Though Russia acts as the common denominator there are distinct differences to be detected between the generations. As one might expect, the poetry of the oldest poets frequently often focuses on imprisonment, repression, and the suffering history has imposed on the Russian people. There is Elena' Shvarts's Blockade poem and Natalia Gorbanevskaya's firsthand experience of imprisonment, for example. However, it is the less well-known writers of the nineties, marginalized in Russia itself till recently, that the editors are particularly keen to promote. Dmitry Kuzmin's essay on the samizdat journal Vavilon does a marvellous job in informing us of the pliead of 'angry young women' with their 'tendency to convey the fragmented consciousness of the youthful writer of today swamped by all kinds of information'. Their poetry is often difficult and but one is more prepared to engage with it when one understands what they are trying to do. We also see many of these young poets introducing a feisty urban feel to their poems with references to popular culture, or just a less 'poetic' language, such as Yana Tokareva's 'Brief reflection on the greatness of God:

     So wondrous are
     the Almightly's deeds
     that I'm a bit blown away by it:
     got myself specs see.
          [translated by Daniel Weissbort] 

Elsewhere there are young poets following more in the tradition of Akhmatova. Consider the love poet Negar, conveyed with Richard Mckane's sure touch:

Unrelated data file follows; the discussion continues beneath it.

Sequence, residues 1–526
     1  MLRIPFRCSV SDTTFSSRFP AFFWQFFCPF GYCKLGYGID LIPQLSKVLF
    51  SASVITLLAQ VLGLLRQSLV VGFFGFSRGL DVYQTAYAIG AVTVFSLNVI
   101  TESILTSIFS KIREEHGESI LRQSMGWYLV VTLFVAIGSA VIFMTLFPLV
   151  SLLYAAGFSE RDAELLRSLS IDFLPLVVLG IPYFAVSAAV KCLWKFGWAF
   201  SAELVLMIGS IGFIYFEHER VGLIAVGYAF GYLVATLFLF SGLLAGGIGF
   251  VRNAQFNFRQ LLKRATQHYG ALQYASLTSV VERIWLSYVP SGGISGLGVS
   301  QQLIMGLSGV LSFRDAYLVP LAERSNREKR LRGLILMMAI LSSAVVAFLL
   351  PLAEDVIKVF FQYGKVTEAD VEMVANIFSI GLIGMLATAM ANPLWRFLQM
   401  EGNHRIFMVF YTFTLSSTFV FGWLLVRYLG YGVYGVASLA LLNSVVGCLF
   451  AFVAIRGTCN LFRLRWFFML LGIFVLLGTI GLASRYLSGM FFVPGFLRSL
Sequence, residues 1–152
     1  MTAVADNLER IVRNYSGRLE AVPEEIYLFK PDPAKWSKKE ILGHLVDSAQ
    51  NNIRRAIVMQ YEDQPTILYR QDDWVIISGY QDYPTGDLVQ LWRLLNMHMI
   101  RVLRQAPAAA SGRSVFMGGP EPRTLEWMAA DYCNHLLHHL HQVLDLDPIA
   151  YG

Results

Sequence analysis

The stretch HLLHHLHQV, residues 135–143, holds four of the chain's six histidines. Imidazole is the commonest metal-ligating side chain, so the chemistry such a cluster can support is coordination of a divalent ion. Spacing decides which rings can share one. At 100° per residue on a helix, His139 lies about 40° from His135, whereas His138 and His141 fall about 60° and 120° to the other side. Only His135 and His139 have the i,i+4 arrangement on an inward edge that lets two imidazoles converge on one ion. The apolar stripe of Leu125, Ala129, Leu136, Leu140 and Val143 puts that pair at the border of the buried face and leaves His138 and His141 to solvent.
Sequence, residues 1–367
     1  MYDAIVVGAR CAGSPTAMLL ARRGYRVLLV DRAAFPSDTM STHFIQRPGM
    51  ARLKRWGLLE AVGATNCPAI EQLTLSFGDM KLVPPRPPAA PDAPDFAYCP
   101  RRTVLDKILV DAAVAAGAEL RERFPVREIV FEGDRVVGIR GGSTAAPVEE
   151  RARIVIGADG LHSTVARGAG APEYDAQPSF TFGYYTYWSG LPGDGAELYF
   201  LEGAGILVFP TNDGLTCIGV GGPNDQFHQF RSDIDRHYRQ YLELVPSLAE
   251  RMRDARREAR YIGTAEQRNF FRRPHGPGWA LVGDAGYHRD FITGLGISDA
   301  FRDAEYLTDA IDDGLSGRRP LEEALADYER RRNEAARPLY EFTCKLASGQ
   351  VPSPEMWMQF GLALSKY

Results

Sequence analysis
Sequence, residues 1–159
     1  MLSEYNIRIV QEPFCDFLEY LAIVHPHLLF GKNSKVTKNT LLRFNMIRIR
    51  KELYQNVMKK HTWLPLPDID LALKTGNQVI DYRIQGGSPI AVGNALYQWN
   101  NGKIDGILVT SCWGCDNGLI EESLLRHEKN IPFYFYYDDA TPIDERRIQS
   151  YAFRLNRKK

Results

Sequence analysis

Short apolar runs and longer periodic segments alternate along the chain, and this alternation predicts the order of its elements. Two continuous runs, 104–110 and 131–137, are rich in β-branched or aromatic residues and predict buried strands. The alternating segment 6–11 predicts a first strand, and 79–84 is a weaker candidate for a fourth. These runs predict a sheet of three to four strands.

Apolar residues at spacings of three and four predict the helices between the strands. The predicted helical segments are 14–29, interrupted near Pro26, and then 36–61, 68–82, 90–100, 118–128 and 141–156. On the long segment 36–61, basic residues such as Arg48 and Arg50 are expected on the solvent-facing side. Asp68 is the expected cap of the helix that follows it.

Forgive me that I opened the door silently,
     without knocking enter your fate,
     that I lit the fire but then turned cool,
     that I searched but did not find.

Or the fine lyricism touch of Stella Morotskaya's 'Morning sleep'

     Morning sleep
     It's sweeter than your palms
     whiter than knees, milk and down duvets
          [translated by Vitaly Chernetsky]

There are many other groupings to be detected. Poets of the Diaspora have different experiences yet again. There are also a number of Jewish poets inside and outside Russia who deal with anti-Semitism head on. Here Zoya Ezrokhi does it with a wry sense of humour:

     Today I stayed at home,
     Fearing a pogrom against he Jews,
     In the name of Russian Christianity.
     The dog pointed its muzzle at the door.
     "Don't ask," I snapped.
          [translated by Daniel Weissbort]

Simon Armitage described the job of being a poet in the west as 'shouting down the toilet'. Russia has until recently been in a more privileged position with the bulk of the populace appreciating their poets. Larisa Miller's 'the light cross of lonely strolls' epitomised for me the attitude many of these women poets have towards their chosen vocation:

     The light cross of lonely strolls
     O, Mandelstam
     I write poems, what's more in Russian
     And I don't want any other workload,
     I don't want any other job.
     Honestly I don't want to shoulder
     any other enterprise.
     The time of year involves me,
     The moment of risk, the hour of the soul...
     I sharpen my pencils with them.
     Pencils. Not knife or teeth.
     The silver trumpets sing
     In the frail neighbouring forest
     Where I will carry my usual cross
     Of lyric-making strolls.
     Each backstreet is full
     Of the torment of the soul and yearning
     For feminine and masculine rhymes.
          [translated by Richard Mckane]

We can only hope that Russians can keep a remnant of the special value that they have always placed on poetry, but what is certain is that the women poets writing today are very aware that they belong to such a tradition, and this is ultimately what makes this such an uplifting volume.

            Belinda Cooke 2005